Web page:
It took Gustave a few days short of one month to complete Naked Woman Lying on a Couch, which was remarkably speedy artistry at least by Nicole’s standards having been used to Jean’s slow and meticulous style. This was long enough though for Martial to set himself apart from René, in the most unflattering of ways.
Martial was as socially awkward and clumsy as he was physically, sporting a pear-shaped body topped with a head (and mind) that resembled a cinder-block. He was the low-brow and bumbling representative of the sibling triad, with no sense of boundaries or self-insight whatsoever. It took him just a few days of wandering in to the living room as an openly voyeuristic visitor to brag about his photographic talents, sitting eagerly on the edge of an arm chair with his eyes roaming freely over her naked body like he owned her. He chit-chatted with her while Gustave worked, oblivious and maddeningly silent, about an idea for a photographic style that he called the ‘body-scape’ that involved erotic poses quite similar, and different, to the one she was currently executing for Nude Woman Lying on a Couch. His ‘brainstorm’ was to photograph the most intimate parts of a woman’s anatomy, including all of the off-limit regions, in a bold and unapologetic way that would push the boundaries of the art-photograph firmly into the realm of ‘explicit’ but in the name of artistic expression. It was no surprise to Nicole at all when he proceeded to inquire, after mentioning the imagined series only a handful of times, if she would agree to be the starring model.
“No thank you,” she had responded without even a split-second’s hesitation—not because she couldn’t use the money, and not because she was self-conscious about the type of explicit nudity that he had in mind (because God knows she desperately needed the first, and would in all likelihood have secretly enjoyed the second—given the fact that she had been the anonymous model for Courbet’s The Origin of the World depicting exactly the type of unabashed exposure on canvas that Martial had in mind on photographic paper); but because she didn’t want to encourage Martial’s rough-and-ready romantic aspirations, which were as unsubtle as Gustave’s predilection for men rather than women.
While Martial could be likened to a bull-in-a-China-shop, Gustave was akin to the resident cat, rarely heard or seen while roaming the aisles and shelves, harboring a covert agenda that he shared with no one. Gustave gave the appearance of aloof and uncaring simply because he lived in his own little world where those on the outside were as irrelevant as insects buzzing around his head. There was nothing personal or malicious underlying his cold exterior—it was just who he was. While Gustave unknowingly insulted those around him by evading personal interaction entirely, Martial’s brand of insensate disrespect took the form of exact polar opposite, inserting itself inappropriately into conversations and situations in the most intrusive and unsolicited way imaginable. She was happy to finish the job if only to escape those two, but in the process she had sacrificed the promise of something exciting and potentially meaningful with the third.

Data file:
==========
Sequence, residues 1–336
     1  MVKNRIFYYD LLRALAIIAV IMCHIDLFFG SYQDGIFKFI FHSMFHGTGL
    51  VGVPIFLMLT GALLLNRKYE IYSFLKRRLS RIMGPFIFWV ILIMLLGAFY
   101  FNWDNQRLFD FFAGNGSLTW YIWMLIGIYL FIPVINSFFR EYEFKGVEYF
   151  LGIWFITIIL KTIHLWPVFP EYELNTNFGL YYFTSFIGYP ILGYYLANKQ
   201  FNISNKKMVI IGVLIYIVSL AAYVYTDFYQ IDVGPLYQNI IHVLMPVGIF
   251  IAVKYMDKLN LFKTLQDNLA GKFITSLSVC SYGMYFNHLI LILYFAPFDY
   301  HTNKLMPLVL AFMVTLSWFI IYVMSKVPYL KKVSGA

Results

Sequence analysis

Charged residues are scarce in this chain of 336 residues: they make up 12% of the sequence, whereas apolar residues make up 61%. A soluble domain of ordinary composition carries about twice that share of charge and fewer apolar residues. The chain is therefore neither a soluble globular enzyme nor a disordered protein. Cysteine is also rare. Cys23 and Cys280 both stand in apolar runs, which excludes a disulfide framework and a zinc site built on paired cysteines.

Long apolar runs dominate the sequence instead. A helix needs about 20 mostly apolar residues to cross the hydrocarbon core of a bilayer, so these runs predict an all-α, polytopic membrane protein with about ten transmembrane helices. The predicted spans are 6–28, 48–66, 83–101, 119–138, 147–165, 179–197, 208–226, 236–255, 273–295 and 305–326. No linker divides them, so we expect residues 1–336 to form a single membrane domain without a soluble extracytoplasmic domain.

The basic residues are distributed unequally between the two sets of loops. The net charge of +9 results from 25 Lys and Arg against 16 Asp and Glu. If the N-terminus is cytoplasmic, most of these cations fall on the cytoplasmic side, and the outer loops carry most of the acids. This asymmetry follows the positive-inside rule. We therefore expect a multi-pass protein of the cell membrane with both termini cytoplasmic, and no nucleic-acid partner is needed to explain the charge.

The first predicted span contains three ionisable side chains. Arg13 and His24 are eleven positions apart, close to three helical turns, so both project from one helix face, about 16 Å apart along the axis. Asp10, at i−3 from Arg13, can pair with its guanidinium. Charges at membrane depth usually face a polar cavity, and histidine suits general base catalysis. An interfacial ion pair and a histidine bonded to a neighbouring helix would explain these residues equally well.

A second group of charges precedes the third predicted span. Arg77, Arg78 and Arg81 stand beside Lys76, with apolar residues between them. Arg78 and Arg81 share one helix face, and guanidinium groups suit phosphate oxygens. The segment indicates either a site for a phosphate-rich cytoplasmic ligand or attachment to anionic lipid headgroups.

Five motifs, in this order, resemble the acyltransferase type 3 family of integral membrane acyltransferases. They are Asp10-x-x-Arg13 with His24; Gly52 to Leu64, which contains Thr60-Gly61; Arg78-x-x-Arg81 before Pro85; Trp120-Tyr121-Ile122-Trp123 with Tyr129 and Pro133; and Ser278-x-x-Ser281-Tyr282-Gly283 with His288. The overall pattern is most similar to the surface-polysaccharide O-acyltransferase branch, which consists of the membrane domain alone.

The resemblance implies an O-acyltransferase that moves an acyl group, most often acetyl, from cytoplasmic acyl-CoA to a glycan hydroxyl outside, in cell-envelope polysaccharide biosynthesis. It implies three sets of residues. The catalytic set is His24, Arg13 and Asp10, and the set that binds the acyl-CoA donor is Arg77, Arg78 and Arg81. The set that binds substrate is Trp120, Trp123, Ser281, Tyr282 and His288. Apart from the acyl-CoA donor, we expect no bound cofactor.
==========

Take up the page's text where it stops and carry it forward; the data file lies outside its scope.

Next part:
René was a different breed altogether. In glaring contrast to his brothers, he was dashing, handsome, and courteous. Although traversing the living room was a requirement for entering and exiting the apartment, his interactions with her were usually limited to eyes respectfully averted but for a brief glance and a nervous smile, which went a long way to peaking her interest and winning her heart in advance. She had always viewed him as out of reach though, mainly because she was a family employee of sorts…and a confidential one at that. She was not in the habit of getting involved with business associates although exceptions were occasionally allowed, as with Jean for the most poignant case in point; but at that point in her life, in 1873, her ex-lover’s unexpected departure was still painfully fresh in her mind, which meant that she wasn’t even close to prepared for another relationship that soon anyway. But now, three years into her life of solitude, a fortuitous meeting in of all places the post office had given them a chance to rekindle the spark that had briefly passed between them in that cramped and close-quartered bachelors’ apartment.
She met him for a glass of wine that very night, where the conversation led them first to the recipient, and then to the reason, for her letter-posting that morning. She had to debrief him first on her stormy romance with the hard to understand and even harder to live with Courbet, and to quickly clarify what she knew might appear as a written correspondence between absent husband and pining common-law wife, which couldn’t be farther from the truth.
“I’m still in touch with Jean only because of our son. He will never return to Paris, and has long since set me aside as a fond but distant memory from his forgotten past. I am over him too.”